The high amounts of essential oils that are so often found in store bought natural bug sprays are unnecessary, and can be made at home using less.To make your own insect repellent, combine rubbing alcohol, witch hazel, vodka, or olive oil with one of the essential oils listed below. Read the rest of this entry »

Spring into Art at CAM in Shelburne Falls

Art-ful Eggs: Batiked, Wooden & Collage
By Victoria Worth, for Hilltown Families

(c) Victoria Worth - Egg Art at the Children's Art Museum
This past Saturday morning at The Children’s Art Museum (CAM) in Shelburne Falls, my family joined several hilltown families to decorate eggs in celebration of Spring & Easter. CAM offered several ways to create and decorate, creating a festive and rich atmosphere to explore art with my daughter.

One method we were shown was batik egg art, using wax to draw patterns and words, then dipping into colors for a reverse affect. On wooden eggs we used stickers to decorate, an easier project for the very young kids. But my favorite was placing strips of colored tissue paper around an egg, creating a blended collage look.

Read the rest of this entry »

Kids’ Music Goes Global

What In The World?
Kids’ Music Goes Global
by Bill Childs

(c) Hilltown Families - Robbi K at Brooklyn HootenannyDan Zanes caused a stir a few months ago by noting the overwhelming whiteness of a particular national parenting magazine. (I won’t mention which magazine, because the criticism is pretty fairly addressed to almost any of them.) His point, which is a sound one, is that a “healthy, inclusive, celebratory society is, I think, where the music flourishes.” Well said, Mr. Zanes.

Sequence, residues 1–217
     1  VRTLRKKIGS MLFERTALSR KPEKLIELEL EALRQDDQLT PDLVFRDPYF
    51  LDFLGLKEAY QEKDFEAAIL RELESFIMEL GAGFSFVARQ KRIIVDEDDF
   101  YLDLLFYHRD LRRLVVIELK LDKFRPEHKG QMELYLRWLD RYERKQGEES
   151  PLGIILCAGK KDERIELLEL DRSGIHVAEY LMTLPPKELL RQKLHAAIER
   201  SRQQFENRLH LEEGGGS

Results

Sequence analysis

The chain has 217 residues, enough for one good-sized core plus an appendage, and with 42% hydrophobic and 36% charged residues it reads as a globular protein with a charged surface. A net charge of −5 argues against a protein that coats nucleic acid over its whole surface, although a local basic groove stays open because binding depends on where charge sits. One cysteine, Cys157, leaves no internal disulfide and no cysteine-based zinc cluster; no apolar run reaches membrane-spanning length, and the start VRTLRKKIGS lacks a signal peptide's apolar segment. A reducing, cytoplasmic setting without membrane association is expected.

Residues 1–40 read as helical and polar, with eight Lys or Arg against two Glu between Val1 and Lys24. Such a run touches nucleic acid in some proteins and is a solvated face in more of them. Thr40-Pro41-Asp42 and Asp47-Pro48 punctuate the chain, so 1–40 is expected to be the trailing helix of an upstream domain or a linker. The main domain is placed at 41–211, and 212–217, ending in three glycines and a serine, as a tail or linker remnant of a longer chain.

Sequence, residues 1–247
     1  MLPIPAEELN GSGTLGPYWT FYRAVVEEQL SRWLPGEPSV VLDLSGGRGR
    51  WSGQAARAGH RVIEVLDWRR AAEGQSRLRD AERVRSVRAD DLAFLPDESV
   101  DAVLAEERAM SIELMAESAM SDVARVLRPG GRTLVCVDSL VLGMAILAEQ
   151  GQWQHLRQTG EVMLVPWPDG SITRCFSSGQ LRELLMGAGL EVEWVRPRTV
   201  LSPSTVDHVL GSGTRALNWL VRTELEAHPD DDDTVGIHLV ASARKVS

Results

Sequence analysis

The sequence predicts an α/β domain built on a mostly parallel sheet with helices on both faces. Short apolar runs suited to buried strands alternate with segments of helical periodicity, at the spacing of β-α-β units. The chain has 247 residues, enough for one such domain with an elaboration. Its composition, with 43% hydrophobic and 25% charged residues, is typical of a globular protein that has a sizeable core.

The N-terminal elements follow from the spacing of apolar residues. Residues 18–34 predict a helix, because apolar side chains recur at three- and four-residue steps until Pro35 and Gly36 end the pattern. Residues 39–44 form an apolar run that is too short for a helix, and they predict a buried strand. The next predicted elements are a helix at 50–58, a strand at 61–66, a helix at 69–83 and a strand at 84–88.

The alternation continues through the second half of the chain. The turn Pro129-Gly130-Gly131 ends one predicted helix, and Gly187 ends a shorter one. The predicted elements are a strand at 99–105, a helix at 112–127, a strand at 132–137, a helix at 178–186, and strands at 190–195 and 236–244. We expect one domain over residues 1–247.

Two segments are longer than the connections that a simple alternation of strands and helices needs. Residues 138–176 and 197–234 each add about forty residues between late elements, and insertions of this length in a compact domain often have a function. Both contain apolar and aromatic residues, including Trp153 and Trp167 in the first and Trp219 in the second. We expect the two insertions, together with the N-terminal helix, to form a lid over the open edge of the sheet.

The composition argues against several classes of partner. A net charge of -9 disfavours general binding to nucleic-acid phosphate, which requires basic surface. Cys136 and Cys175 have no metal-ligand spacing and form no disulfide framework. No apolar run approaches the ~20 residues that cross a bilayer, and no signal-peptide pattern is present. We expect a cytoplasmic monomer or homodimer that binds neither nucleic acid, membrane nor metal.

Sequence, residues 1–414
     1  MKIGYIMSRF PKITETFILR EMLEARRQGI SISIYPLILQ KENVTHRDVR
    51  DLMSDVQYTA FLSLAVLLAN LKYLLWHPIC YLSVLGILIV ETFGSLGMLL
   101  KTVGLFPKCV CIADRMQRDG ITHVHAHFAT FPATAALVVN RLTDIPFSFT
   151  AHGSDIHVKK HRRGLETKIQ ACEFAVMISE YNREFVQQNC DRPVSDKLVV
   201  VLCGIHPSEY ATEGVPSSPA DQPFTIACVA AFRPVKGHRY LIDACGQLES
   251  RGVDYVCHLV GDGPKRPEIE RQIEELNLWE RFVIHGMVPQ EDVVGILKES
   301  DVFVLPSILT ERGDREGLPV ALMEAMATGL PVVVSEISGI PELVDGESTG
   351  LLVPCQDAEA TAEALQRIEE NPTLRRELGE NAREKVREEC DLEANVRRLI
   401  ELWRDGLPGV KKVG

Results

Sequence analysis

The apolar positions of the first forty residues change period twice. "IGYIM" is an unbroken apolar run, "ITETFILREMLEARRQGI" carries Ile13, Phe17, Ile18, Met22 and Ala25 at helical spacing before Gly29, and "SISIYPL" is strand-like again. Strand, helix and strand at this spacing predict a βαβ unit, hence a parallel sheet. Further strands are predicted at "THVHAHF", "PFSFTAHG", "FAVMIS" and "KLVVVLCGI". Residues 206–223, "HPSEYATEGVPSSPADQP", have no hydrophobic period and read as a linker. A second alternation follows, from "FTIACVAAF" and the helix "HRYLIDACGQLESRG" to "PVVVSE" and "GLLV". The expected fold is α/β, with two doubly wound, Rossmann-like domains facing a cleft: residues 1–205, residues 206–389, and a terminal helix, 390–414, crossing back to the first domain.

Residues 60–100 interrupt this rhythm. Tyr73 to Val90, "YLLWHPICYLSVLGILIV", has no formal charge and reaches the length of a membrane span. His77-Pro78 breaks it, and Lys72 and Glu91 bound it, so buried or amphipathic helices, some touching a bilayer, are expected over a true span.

With that in mind, think for a moment about your local record store’s kids’ section. (First, pretend that you still have a local record store, and in the unlikely event that you do, pretend that it has a kids’ section with more than four copies of The Hamster Dance.) What does this record section look like?

I bet your imaginary local record store’s imaginary kids’ section is filled mostly with white musicians. They’re playing tremendously diverse styles of music, no doubt, but they’re not from particularly diverse backgrounds. There are some exceptions, and many of the stars of kids’ music have worked with amazing artists of color (notably Zanes, but also AudraRox and many others), but a disproportionate number look a lot like, well, me. Which is to say: white (particularly after a long, dark winter).